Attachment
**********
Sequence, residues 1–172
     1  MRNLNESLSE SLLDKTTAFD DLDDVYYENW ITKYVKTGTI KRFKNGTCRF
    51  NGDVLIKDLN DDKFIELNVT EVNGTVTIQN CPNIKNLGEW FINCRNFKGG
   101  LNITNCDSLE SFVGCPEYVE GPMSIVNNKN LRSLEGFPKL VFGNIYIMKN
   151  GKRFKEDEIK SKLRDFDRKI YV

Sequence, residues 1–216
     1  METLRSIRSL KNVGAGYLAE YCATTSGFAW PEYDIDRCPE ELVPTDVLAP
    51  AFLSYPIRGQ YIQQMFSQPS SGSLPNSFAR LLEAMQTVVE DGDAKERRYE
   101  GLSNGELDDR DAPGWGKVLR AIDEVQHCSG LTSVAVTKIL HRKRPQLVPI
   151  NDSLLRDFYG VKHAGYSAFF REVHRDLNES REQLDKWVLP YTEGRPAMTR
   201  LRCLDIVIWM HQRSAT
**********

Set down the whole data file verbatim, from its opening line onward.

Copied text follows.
Sequence, residues 1–172
     1  MRNLNESLSE SLLDKTTAFD DLDDVYYENW ITKYVKTGTI KRFKNGTCRF
    51  NGDVLIKDLN DDKFIELNVT EVNGTVTIQN CPNIKNLGEW FINCRNFKGG
   101  LNITNCDSLE SFVGCPEYVE GPMSIVNNKN LRSLEGFPKL VFGNIYIMKN
   151  GKRFKEDEIK SKLRDFDRKI YV

Sequence, residues 1–216
     1  METLRSIRSL KNVGAGYLAE YCATTSGFAW PEYDIDRCPE ELVPTDVLAP
    51  AFLSYPIRGQ YIQQMFSQPS SGSLPNSFAR LLEAMQTVVE DGDAKERRYE
   101  GLSNGELDDR DAPGWGKVLR AIDEVQHCSG LTSVAVTKIL HRKRPQLVPI
   151  NDSLLRDFYG VKHAGYSAFF REVHRDLNES REQLDKWVLP YTEGRPAMTR
   201  LRCLDIVIWM HQRSAT